Tuesday, April 26, 2005

Visit to Bannerghatta

The majestic white tiger at bannerghatta

On Sunday, I had been to Bannerghatta wildlife sanctuary with a few friends. It was an amazing experience, although it was very depressing to see the human population surpassing the animal population at the sanctuary. We got to see a whole lot of wild animals --- Indian Python, Rat snakes, Russell’s vipers, King Cobras, Zebras, Bears, Leopards, Tigers, Lions, Hippos etc. I believe there are about 35 tigers at the sanctuary, including 3 white tigers. I didn’t get very good shots of the big cats as I hoped to get. Here are a few snaps that we managed to shoot. I wish I could take a break from work and shoot some more of the wildlife. Anyone willing to sponsor a wannabe wildlife photographer ??

Saturday, April 09, 2005


I was discussing with Sheroy about persistence frameworks and the need for O/R mappers in Enterprise applications. We were talking about Hibernate and how it is being incorporated in EJB3 specs. The conversation then (naturally ??) shifted towards OODBs. There seems to be quite a few advantages of OODBs.
The most significant advantage of OODBs is that we eliminate the need of a separate data model. The data model just reflects your object model. Most modern Enterprise Applications have different object models and data models, and an O/R mapper to map the objects to rows in the database. This adds another layer of complexity to an already existing complex system, at a substantial cost. An OODB eliminates the need for this layer altogether.
If your application uses an RDB and you must reconstruct an object from data in the database, you frequently have to perform multiple queries. These queries could result in serious performance bottlenecks if not written efficiently. Constructing Objects from OODB records is straightforward. Another advantage with OODBs is that we don't require a separate query language like SQL. All the queries can be written in the OO language itself.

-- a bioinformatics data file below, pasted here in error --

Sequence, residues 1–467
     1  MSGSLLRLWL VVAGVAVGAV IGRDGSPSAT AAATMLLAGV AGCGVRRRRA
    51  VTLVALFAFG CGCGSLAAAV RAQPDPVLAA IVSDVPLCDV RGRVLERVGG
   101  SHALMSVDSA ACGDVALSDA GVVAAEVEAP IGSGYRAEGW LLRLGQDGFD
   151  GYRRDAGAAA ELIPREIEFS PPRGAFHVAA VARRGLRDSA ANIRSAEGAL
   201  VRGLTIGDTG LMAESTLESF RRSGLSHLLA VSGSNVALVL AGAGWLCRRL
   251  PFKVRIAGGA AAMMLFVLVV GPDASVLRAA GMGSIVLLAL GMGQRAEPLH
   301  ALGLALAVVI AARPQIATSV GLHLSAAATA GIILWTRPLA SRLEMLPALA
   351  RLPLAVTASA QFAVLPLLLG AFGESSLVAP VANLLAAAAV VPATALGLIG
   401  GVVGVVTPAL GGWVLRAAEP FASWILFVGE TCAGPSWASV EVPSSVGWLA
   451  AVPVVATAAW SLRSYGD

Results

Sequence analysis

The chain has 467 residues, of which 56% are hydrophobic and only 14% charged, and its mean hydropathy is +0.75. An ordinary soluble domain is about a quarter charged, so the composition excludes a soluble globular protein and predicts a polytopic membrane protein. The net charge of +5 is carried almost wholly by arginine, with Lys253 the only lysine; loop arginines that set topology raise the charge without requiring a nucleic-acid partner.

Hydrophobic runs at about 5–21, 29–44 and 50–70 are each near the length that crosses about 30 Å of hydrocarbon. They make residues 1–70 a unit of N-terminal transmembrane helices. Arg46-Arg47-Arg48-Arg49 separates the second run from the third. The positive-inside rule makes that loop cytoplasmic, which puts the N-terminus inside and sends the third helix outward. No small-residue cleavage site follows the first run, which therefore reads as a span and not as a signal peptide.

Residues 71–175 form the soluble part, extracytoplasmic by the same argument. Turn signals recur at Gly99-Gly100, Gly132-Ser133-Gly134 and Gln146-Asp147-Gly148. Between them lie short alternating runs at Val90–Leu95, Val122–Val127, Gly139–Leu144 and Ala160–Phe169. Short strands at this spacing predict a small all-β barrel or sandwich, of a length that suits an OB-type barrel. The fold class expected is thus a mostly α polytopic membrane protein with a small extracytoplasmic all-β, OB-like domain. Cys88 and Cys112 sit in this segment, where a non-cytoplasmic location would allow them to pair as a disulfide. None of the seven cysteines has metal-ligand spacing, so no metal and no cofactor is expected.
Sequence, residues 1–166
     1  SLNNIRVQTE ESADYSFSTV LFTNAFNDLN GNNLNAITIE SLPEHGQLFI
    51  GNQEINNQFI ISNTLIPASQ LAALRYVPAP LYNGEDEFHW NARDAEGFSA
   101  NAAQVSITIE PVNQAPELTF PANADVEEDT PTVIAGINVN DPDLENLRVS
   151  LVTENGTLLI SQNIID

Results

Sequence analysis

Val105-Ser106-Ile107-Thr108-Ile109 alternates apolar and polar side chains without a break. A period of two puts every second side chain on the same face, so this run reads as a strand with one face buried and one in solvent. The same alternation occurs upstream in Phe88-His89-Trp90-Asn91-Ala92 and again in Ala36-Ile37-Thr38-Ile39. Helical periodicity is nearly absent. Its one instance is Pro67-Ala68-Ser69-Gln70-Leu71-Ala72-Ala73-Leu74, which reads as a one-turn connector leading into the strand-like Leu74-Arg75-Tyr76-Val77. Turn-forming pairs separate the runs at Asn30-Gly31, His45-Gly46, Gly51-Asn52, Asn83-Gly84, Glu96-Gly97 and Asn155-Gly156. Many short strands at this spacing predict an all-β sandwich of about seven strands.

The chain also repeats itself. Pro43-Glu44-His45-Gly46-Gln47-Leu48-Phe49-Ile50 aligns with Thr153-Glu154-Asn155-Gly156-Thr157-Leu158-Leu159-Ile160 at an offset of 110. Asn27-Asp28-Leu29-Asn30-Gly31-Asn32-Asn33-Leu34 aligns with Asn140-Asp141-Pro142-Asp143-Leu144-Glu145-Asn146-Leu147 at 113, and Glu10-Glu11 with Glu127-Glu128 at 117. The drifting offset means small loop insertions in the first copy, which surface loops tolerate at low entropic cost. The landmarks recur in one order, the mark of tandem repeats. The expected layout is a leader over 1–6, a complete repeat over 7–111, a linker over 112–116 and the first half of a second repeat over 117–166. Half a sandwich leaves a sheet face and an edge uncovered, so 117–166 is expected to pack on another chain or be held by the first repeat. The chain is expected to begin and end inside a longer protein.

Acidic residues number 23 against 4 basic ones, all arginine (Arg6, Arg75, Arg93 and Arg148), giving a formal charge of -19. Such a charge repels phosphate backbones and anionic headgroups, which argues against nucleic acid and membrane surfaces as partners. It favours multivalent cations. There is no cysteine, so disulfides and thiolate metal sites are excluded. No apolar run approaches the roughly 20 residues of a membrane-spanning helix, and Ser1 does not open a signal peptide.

If OODBs have all these advantages, why are we then stuck with RDBs yet ?? Here are a few reasons that I could think of -
RDB is a proven technology which has lasted the test of time. From legacy systems written in COBOL, to applications written in Java/C# interface with RDBs. This allows the us to change the application technology to enhance scalability, performance and security and still use the same data model. This is a significant advantage, since the persistent data is considered to be the vital part of an application. OODBs on the other hand, tie us to a specific programming paradigm (and possibly to a particular OO Language) .
OODBs are an excellent tool for storing and retrieving objects. Most applications do not always load objects. Rather, there will be times when we need to search by ranges, patterns, and fuzzy criteria spanning objects that do not have obvious relationships. OODBs may not provide adequate support to such ad hoc queries.
All said and done, I think OODBs are a great way of working with data, and definitely worth a closer look.